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Jean-Gabriel Pageau: B+

Pageau hasn’t lit up the scoresheet, but he’s been a consistent two-way center who can play on both special-teams units effectively. His move to the first power play gave a temporary spark to that unit, and his 57.2 win percentage in the faceoff circle marks him as one of the best in the league at the dots.

Hudson Fasching: B+

Fasching has come from nowhere to earn a roster spot with the Islanders at age 27 in one of the better stories of the season. His straight-line play has fit well on the fourth line, and he’s shown flashes offensively, particularly his charge to the crease for a goal against Vegas last month.

Oliver Wahlstrom: B

Wahlstrom is still considered out indefinitely, which can’t be a good sign given that the Islanders almost always stick with day-to-day designations for their injured players. Prior to the injury, the season was shaping up to be a step forward for Wahlstrom — just not as big of one as the Isles might have liked to see. He was far more responsible with the puck, which checked a huge box, but hasn’t turned into a consistent scorer, nor a player who can give Barzal what he needs on the wing.

Scott Mayfield: B

Mayfield has cooled down a bit since a hot offensive start, but he’s still likely to hit career highs in scoring and possibly overall points. He also continues to be a steady presence on the back end who can play alongside everyone and match up with anyone, and should be in line for a raise when he hits free agency this summer.

Sidney Crosby #87 of the Pittsburgh Penguins and Scott Mayfield #24 of the New York Islanders scuffle during the third period at the UBS Arena on December 27, 2022.
Scott Mayfield, whose play has put him in line for a raise, scuffles with Penguins star Sidney Crosby on Dec. 27.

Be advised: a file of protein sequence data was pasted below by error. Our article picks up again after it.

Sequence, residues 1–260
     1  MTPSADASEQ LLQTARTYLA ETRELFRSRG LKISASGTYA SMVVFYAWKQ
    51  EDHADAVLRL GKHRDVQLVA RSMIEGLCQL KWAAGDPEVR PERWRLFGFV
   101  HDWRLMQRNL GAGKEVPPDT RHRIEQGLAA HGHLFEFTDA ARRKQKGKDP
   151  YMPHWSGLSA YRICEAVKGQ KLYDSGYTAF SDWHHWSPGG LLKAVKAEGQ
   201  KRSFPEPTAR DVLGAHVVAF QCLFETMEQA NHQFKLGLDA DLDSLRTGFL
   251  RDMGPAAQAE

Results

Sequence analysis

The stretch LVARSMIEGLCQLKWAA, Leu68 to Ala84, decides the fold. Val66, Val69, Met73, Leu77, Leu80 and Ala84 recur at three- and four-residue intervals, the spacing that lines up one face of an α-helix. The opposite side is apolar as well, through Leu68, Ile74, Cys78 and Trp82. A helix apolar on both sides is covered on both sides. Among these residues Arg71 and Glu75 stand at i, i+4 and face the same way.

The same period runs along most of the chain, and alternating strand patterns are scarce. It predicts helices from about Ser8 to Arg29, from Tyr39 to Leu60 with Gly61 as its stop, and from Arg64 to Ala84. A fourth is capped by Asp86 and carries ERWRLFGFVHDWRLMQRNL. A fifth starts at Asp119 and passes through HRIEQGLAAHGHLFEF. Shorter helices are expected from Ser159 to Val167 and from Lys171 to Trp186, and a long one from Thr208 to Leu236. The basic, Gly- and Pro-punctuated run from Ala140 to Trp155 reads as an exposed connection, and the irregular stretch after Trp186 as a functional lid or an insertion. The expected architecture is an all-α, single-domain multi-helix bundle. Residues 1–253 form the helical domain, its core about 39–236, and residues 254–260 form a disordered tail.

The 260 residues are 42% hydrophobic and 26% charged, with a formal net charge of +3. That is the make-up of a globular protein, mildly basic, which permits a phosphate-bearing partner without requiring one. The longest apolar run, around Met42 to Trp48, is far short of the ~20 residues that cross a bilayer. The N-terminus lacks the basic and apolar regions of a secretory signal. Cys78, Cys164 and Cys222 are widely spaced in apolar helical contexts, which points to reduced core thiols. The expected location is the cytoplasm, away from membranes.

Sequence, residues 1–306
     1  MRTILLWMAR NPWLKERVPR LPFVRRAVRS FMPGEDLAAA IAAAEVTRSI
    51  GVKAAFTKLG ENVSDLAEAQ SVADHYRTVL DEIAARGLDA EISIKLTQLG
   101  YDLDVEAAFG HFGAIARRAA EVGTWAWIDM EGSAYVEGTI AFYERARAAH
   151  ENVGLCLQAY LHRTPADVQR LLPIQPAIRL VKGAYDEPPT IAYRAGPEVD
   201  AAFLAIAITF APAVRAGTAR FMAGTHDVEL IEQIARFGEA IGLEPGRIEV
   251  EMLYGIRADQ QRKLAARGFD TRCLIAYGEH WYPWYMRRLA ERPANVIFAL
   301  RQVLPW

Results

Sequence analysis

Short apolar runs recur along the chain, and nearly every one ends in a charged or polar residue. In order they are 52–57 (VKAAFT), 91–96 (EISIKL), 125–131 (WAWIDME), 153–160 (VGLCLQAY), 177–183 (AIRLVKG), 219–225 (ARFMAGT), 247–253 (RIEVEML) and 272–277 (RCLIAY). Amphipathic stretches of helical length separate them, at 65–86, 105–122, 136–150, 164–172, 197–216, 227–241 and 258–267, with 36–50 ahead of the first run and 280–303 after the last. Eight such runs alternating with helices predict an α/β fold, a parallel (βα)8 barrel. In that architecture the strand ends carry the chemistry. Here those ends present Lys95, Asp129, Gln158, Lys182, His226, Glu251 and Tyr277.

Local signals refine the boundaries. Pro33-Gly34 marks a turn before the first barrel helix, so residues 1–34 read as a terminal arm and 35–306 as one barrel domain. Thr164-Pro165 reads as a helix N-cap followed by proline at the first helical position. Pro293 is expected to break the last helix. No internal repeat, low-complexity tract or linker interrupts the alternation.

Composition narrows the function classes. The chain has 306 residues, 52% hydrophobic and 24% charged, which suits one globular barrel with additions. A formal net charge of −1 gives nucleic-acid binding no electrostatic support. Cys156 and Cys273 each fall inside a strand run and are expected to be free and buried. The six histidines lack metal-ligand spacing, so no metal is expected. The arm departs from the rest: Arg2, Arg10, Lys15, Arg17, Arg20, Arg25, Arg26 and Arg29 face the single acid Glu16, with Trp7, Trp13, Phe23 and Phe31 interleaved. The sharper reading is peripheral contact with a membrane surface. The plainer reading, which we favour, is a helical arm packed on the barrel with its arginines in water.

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Sebastian Aho: B

Aho, who looked to be on the outs during training camp, has been a pleasant surprise as an everyday defenseman. He’s cut down on the turnovers that kept him out of the lineup in the past and has played a responsible game more often than not.

Casey Cizikas: B-

The Identity Line has faltered in effectiveness for stretches, which is the main reason Cizikas’ grade isn’t higher. For a player who’s started just 30.51 percent of the time in the offensive zone, though, it’s impressive that Cizikas has an even 50 percent goals-for percentage at five-on-five, and he continues to kill penalties well.

Simon Holmstrom: B-

Holmstrom has gotten consistent praise from the coaching staff for his two-way play, a great indicator for a player just getting his NHL legs under him. Whether or not he ends up staying with the Islanders once they get healthy, he’s gotten valuable experience. Two points in 15 games, though, isn’t quite good enough, and Holmstrom needs to be a little more willing to shoot the puck.

Matt Martin: C+

It’s been a pleasant surprise that Martin has missed just one game this season after coming out of the lineup for Ross Johnston more regularly last season. His advanced numbers are also a tick higher than those of either of his Identity Line-mates, though still overall not quite as good as they should be.

Bryan Rust #17 of the Pittsburgh Penguins trips up Matt Martin #17 of the New York Islanders during the second period at the UBS Arena on December 27, 2022.
Matt Martin of the Identity Line has been a lineup staple, but his numbers lag a bit.
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Kyle Palmieri: C+

It’s a little hard to judge Palmieri’s season given he’s played just once since Nov. 21. Before the injury, though, “underwhelming” would have been an apt descriptor. His nine points put him on pace for a lower per-60-minute number than he put up last season, which was universally cast as a disappointment. The Isles don’t just need him to get healthy, they need him to score at a higher level.

Alexander Romanov: C+